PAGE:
- Associated Press - Saturday, September 13, 2014

KENAI, Alaska (AP) - It started with Scene of the Crash, or Crash for short. Next came Comet. If Jenna Hansen had her way, she jokes that she’d probably have a whole herd of reindeer.

But for now the trio, along with some help from family and friends, makes an unusual team educating students and raising money for kids in need on the Kenai Peninsula.

At the Alaska State Fair, The Summer of Heroes program recognized Hansen for her community service and presented the 17-year-old with a scholarship for $1,500.

Alaska Communications and the Boys and Girls Clubs of Alaska are partners in the program, which recognizes youth heroes throughout the state. Along with the scholarship, this year’s six winners selected by a panel of judges, received a trip to the Alaska State Fair in Palmer.

About a month ago Hansen started picking up clues that her older sister nominated her for the award. She found the nomination essay in her truck and there were missed phone calls for her mom from Alaska Communications, an Anchorage-based telecommunications company that provides service statewide. Eventually everything came together when her sister told her she was a finalist for the Summer of Heroes and then her mom told her she got her first scholarship.

“I felt really honored because I don’t consider myself a hero,” she said. “I’m just trying to be a good person.”

Hansen is a Nikiski Middle-High School senior and is in the process of deciding where and what major she would like to seek in college. She is looking into animal and wildlife-based degree options both in Alaska and Washington State and will use the money to help fund her academic goals.

When Hansen was about 3 years old, she got her first horse. Since then she has raised lambs, goats and steers - everything expect pigs, she said.

In the fall of 2011, she brought Crash home. Originally, she got him for the Junior Market Livestock Program through 4-H.

“I was thinking about selling him, but I got too attached to him,” Hansen said. “So I couldn’t sell him, and I didn’t want him to be lonely. So the next year I got Comet.”

When Hansen learned about the number of homeless students in the Kenai Peninsula Borough, she wanted to do something about it

Her 4-H group had previously planned a few fundraisers. Hansen asked if the other members would support changing the recipients of the money to homeless students. The entire group helped with the first photo shoot from setting up to waiving signs.

At the first photo fundraiser in late 2011, Hansen said she wasn’t sure how well Crash was going to behave at the event.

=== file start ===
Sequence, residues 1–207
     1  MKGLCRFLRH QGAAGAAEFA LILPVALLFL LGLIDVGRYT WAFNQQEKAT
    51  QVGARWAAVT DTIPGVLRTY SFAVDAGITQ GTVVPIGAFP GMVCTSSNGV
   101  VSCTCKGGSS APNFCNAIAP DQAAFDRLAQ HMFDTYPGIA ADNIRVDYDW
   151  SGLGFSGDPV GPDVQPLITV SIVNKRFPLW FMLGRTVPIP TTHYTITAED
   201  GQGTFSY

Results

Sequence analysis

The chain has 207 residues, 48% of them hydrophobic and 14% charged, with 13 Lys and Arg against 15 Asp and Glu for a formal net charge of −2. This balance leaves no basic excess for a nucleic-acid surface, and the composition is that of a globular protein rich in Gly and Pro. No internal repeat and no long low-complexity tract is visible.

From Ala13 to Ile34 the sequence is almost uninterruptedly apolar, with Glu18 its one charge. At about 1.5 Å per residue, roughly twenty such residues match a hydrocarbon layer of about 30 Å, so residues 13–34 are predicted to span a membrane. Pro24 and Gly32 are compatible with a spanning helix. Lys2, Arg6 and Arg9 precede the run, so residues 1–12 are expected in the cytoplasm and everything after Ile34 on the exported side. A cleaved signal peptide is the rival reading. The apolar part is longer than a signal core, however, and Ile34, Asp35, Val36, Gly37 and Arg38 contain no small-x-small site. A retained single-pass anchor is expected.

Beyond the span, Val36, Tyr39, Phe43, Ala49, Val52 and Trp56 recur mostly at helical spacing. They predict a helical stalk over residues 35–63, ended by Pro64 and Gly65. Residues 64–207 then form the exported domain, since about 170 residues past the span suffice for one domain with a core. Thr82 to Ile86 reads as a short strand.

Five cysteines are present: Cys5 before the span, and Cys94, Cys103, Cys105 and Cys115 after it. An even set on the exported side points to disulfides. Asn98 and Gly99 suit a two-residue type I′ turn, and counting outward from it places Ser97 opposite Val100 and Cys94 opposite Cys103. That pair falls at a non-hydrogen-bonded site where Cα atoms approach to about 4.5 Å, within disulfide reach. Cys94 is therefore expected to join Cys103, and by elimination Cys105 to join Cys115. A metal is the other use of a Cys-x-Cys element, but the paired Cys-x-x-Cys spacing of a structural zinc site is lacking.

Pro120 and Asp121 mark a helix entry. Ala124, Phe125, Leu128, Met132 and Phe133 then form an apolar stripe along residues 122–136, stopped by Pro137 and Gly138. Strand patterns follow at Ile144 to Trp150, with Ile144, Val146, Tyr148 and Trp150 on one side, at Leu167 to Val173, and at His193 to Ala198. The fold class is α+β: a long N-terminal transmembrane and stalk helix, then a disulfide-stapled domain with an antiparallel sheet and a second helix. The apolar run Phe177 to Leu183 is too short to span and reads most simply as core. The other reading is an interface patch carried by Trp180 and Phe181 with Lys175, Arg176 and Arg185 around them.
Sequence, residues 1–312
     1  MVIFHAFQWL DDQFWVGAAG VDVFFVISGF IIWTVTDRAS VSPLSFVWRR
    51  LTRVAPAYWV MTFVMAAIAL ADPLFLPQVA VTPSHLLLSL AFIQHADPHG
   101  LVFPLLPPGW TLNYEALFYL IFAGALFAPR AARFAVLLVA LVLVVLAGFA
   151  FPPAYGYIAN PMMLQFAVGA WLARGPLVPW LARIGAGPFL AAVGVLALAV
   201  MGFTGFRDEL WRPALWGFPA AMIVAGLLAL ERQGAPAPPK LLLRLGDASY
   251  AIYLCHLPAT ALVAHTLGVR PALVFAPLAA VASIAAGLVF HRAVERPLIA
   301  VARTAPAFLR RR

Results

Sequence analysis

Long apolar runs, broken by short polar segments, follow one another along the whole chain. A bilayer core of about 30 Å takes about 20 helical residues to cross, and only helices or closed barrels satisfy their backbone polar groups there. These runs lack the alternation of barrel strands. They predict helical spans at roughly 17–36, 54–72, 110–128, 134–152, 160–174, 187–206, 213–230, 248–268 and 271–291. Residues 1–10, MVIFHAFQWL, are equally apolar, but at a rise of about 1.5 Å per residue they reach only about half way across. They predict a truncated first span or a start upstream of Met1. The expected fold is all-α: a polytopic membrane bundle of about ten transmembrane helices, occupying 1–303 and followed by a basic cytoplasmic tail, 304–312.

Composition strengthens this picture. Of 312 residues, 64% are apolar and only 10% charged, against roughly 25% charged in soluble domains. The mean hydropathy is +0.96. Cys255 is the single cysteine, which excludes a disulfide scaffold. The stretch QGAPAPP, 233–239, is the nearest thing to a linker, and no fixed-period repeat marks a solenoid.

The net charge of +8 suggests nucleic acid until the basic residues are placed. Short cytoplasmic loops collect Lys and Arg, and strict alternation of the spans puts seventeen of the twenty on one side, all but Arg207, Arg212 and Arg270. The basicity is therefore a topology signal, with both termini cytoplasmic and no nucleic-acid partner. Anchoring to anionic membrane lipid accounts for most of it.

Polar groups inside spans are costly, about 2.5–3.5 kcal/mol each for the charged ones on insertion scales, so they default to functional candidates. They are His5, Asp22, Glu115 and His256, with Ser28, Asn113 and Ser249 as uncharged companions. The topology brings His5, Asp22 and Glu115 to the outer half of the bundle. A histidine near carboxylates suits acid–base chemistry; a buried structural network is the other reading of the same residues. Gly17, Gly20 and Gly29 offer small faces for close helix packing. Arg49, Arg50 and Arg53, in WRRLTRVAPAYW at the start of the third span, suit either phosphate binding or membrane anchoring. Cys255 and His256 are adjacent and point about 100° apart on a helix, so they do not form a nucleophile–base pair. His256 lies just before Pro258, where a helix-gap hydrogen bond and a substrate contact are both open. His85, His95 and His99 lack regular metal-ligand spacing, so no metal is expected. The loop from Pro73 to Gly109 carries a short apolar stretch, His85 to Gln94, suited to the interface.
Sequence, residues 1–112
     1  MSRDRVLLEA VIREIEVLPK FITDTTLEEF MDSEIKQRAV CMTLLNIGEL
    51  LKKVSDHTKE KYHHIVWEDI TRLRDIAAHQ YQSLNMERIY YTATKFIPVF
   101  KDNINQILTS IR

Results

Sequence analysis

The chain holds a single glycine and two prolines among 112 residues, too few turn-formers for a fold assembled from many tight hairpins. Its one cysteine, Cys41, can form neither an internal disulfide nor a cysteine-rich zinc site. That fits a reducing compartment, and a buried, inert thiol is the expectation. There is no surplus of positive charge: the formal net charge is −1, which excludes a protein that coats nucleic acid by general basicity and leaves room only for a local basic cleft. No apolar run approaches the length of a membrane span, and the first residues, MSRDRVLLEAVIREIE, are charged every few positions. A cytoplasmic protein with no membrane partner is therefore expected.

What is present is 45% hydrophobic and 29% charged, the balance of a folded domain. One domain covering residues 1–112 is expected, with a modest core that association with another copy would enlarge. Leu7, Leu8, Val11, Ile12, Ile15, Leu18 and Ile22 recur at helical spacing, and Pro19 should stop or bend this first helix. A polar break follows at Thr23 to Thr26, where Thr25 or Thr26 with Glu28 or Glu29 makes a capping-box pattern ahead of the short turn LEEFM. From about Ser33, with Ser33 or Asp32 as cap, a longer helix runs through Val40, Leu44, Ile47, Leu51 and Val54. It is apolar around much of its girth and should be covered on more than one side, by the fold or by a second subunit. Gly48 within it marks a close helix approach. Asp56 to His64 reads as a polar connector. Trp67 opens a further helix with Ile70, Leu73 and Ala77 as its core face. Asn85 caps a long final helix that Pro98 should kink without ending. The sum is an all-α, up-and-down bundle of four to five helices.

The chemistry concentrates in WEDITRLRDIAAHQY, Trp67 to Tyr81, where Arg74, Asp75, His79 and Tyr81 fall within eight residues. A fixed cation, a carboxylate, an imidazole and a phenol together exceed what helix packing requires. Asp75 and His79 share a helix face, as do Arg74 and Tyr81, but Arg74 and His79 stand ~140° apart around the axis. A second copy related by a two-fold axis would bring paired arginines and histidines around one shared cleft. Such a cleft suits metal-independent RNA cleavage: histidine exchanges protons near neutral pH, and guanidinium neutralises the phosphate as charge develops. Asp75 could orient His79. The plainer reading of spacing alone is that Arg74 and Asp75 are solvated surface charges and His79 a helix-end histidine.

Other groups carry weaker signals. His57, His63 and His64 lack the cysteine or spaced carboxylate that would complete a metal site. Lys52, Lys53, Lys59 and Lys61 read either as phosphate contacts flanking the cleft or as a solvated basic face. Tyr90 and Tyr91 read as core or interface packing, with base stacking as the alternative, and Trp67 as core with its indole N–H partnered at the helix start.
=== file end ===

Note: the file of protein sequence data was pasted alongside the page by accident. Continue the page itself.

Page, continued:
“We would have the people sit down and I’d lead him behind them and he stood perfectly,” she said. “I was so happy with him.”

Hansen sets up photo opportunities with the reindeer at various businesses in the area. The suggested donation for a sitting is $5 where people are invited to take as many of their own photos as they would like.

“It would be kind of hard to print out pictures,” Hansen said. “I’ve sat when it was about 10 (degrees) below (zero) and done pictures. If my fingers don’t work, I don’t think a printer would.”

Hansen said during the past three years she has arranged the photo opportunities, she hasn’t seen an increase in clients, but the trio does see returnees.

Crash has his own Facebook fan page called “Scene of the Crash.”

Hansen has also gone to classes to educate students about reindeer from what they eat to how they differ from caribou. Then Hansen either brings a reindeer to the class or the group comes to her home to see them.

“It takes a lot of people’s breath away - even adults,” she said. “It’s really cool because a lot of people have not seen reindeer up close. So there’s always the question, ‘Oh, can I pet him?’ And they’re all right with being pet, just don’t touch the antlers.”

Having their antlers handled can make reindeer aggressive, Hansen said, which was a problem that Comet had when he first came to Nikiski.

Comet had been at a petting zoo prior to being raised by Hansen and had been handled by his antlers.

“So we actually had to cut his antlers off before they fell off, so that I could work with him without fear of getting stabbed,” she said.

Crash wasn’t as used to being around people as Comet, and Hansen worked with him daily to get him adjusted to humans.

“I would come every day after school, get a hold of my snowsuit, and I would sit with him and I’d just read until he was comfortable with me,” she said. “And I would take him out take him on walks and let him play in the snow.”

Then she started getting him used to other people and then larger groups before taking him to photo shoots.

Depending on where Hansen decides to go to college, she said she may have to sell Crash and Comet.

“If I get to keep them, which I hope I do, I’ll be home for Christmas break, so I’ll hopefully still be able to fundraise for the homeless,” she said. “And I have a feeling if I go Outside and people find out that I’m from Alaska and I had reindeer, I’m going to be educating people just right and left.”

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Information from: (Kenai, Alaska) Peninsula Clarion, http://www.peninsulaclarion.com

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